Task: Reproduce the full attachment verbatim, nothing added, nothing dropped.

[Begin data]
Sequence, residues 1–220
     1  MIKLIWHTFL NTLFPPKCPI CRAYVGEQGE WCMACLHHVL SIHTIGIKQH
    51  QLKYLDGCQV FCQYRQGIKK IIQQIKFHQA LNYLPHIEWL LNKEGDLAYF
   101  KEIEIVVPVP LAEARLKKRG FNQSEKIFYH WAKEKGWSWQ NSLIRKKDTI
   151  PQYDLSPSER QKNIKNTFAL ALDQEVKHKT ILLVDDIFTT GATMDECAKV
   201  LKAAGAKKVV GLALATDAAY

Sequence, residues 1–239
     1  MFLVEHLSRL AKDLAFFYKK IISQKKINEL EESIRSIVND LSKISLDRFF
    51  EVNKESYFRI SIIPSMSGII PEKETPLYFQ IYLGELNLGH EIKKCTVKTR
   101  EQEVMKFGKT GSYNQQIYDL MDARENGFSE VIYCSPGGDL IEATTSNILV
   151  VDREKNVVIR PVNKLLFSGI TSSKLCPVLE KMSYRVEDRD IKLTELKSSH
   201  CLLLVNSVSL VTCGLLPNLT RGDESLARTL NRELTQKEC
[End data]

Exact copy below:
Sequence, residues 1–220
     1  MIKLIWHTFL NTLFPPKCPI CRAYVGEQGE WCMACLHHVL SIHTIGIKQH
    51  QLKYLDGCQV FCQYRQGIKK IIQQIKFHQA LNYLPHIEWL LNKEGDLAYF
   101  KEIEIVVPVP LAEARLKKRG FNQSEKIFYH WAKEKGWSWQ NSLIRKKDTI
   151  PQYDLSPSER QKNIKNTFAL ALDQEVKHKT ILLVDDIFTT GATMDECAKV
   201  LKAAGAKKVV GLALATDAAY

Sequence, residues 1–239
     1  MFLVEHLSRL AKDLAFFYKK IISQKKINEL EESIRSIVND LSKISLDRFF
    51  EVNKESYFRI SIIPSMSGII PEKETPLYFQ IYLGELNLGH EIKKCTVKTR
   101  EQEVMKFGKT GSYNQQIYDL MDARENGFSE VIYCSPGGDL IEATTSNILV
   151  VDREKNVVIR PVNKLLFSGI TSSKLCPVLE KMSYRVEDRD IKLTELKSSH
   201  CLLLVNSVSL VTCGLLPNLT RGDESLARTL NRELTQKEC